1887
Volume 14, Issue 2
  • ISSN 1384-6647
  • E-ISSN: 1569-982X
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Abstract

This paper examines the experience, perceptions and narratives of the interpreters who worked at the trial of the Madrid terrorist attacks of 11th March 2004. Using semi-structured interviews as an instrument, information was sought from the members of the interpreting team regarding their role and self-image, their relationship with other professionals during the trial, their management of emotions, pressure and possible conflict, as well as the effect of a high profile case such as this on their interpreting performance. The findings show that the interpreters were generally clear and confident about their professional role and capacity, that their working conditions were inadequate, especially at the beginning of the trial, and that the experience heightened the awareness of other court professionals with regard to interpreting. The nature of the trial, the presence of national and international media, as well as the immense responsibility the interpreters assumed in this case created an atmosphere of intense emotion and pressure. However, most of the participants in this study reported that this did not affect their professional performance.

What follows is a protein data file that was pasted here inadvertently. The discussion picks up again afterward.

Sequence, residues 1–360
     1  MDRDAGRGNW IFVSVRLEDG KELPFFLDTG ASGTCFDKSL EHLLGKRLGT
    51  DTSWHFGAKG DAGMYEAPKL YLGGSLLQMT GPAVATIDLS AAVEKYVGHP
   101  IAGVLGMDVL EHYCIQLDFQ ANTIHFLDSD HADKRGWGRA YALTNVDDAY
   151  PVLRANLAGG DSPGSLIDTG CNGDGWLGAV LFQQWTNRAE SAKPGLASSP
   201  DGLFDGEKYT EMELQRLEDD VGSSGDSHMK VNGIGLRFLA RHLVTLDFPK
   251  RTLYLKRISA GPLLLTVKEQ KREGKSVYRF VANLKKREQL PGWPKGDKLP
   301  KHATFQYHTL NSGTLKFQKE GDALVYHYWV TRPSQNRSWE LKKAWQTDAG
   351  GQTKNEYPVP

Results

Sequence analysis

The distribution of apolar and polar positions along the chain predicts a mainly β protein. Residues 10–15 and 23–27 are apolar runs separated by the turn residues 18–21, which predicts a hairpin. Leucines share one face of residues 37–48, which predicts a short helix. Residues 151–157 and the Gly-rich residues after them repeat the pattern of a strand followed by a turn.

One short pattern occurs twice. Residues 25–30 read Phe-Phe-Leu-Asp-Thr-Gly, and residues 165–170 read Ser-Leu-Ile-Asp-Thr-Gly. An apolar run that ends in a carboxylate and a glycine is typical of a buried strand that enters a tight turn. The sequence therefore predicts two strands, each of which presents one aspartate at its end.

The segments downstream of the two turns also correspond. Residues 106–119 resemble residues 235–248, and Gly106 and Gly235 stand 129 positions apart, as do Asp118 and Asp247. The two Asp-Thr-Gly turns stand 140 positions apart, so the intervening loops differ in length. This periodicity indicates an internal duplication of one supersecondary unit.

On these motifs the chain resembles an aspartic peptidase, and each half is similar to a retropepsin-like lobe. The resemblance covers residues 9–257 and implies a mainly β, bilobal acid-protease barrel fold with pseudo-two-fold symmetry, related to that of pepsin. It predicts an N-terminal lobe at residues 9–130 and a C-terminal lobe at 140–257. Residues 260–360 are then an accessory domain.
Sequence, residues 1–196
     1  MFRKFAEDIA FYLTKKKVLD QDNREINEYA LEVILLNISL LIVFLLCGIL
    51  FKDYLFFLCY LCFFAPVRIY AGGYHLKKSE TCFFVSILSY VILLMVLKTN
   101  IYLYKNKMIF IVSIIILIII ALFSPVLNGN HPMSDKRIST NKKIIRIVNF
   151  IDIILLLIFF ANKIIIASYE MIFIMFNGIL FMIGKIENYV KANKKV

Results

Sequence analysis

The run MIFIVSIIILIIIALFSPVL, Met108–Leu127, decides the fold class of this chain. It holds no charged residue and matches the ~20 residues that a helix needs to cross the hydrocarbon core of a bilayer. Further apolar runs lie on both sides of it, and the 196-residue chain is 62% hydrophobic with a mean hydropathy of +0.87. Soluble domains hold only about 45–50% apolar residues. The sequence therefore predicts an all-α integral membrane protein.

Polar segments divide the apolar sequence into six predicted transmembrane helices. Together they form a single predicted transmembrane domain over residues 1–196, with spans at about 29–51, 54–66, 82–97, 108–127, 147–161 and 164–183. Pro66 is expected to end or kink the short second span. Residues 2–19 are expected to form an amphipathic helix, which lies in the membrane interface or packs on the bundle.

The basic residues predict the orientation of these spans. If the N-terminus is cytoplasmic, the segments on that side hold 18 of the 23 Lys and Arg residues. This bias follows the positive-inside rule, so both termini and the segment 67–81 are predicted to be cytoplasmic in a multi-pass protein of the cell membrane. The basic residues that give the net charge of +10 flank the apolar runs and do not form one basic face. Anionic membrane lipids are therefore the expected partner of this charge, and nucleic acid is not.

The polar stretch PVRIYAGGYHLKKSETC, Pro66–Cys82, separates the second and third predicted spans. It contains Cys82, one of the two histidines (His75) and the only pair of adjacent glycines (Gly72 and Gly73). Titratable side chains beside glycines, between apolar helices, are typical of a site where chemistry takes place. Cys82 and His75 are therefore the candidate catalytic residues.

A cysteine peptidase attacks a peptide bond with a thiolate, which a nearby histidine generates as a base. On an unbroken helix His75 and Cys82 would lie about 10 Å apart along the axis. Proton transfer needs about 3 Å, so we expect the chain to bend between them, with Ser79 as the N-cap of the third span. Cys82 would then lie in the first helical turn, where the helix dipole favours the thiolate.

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/content/journals/10.1075/intp.14.2.02mar
2012-01-01
2019-10-21
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References

http://instance.metastore.ingenta.com/content/journals/10.1075/intp.14.2.02mar
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  • Article Type: Research Article
Keyword(s): court interpreting , pressure , role , self-image , Spain and working conditions
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